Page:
An article yesterday on the search for escaped murderer Bernard Welch incorrectly reported the number of handguns in the United States. There are 200 million firearms, of which 35 million to 40 million are handguns, according to a National Rifle Association estimate. Spokesman Dot Hester of the Bureau of Alcohol, Tobacco and Firearms said no figures are available for the number of firearms or handguns in the country. Hester said 71.8 million firearms and 28.4 million handguns were produced from 1970 to 1984.
Very soon and with great stealth, escaped murderer Bernard Charles Welch is expected to emerge from hiding.
Hunting with immense care and concentration, he could easily seize what he most needs: a new identity, a gun, money.
An unsuspecting traveler, a tipsy bar patron, an absent homeowner: A driver's license could come from almost anyone. Once in hand, it would be short, safe work to produce a new license with the original owner's name but Welch's photo laminated in place. Police call this a "true identity." Welch has had 10 known aliases in three decades of crime.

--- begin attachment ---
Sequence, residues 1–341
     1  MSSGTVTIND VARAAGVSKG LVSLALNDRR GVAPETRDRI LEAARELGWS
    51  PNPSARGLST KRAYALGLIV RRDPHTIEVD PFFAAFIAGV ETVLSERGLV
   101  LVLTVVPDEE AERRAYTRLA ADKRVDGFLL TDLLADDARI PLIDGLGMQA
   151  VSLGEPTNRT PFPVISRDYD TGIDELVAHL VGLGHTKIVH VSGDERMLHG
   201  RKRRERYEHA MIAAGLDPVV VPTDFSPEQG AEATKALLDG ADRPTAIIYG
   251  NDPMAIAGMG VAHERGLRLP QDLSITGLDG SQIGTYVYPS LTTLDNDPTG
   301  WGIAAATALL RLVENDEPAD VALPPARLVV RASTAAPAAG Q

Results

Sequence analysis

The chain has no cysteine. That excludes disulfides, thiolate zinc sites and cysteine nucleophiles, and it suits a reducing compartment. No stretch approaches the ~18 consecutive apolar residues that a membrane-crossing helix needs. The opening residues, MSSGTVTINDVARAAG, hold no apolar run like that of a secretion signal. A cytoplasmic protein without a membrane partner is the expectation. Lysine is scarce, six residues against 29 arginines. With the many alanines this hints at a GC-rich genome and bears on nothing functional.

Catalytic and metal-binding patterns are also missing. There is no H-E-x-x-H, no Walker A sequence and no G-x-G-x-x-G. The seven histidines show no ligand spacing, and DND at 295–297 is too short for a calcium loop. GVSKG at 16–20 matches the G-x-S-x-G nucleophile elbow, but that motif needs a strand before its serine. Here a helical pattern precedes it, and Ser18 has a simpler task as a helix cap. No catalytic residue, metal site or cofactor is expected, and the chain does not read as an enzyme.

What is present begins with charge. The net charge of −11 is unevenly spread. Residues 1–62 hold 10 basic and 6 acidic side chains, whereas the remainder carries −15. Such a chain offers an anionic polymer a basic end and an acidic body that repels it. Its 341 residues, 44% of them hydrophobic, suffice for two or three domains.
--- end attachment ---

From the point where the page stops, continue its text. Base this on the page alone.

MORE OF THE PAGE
Next, the pistol.
In a nation of 200 million handguns, it would not be difficult for the man convicted of killing Washington cardiologist Michael Halberstam 4 1/2 years ago to arm himself. If he cannot buy a gun from a pawn shop or a street-corner hustler, no questions asked, he could steal one. The pistol he used to shoot Halberstam belonged to an FBI man whose house had been burglarized.
Then, the cash.
It was buried years ago, far from any city. To get there, he could steal a car or hitch a ride with an unsuspecting motorist or trucker. Once near the spot, Welch can trek for miles in thick forest. An accomplished woodsman and hunter since his youth in upstate New York, he would have little trouble finding his way.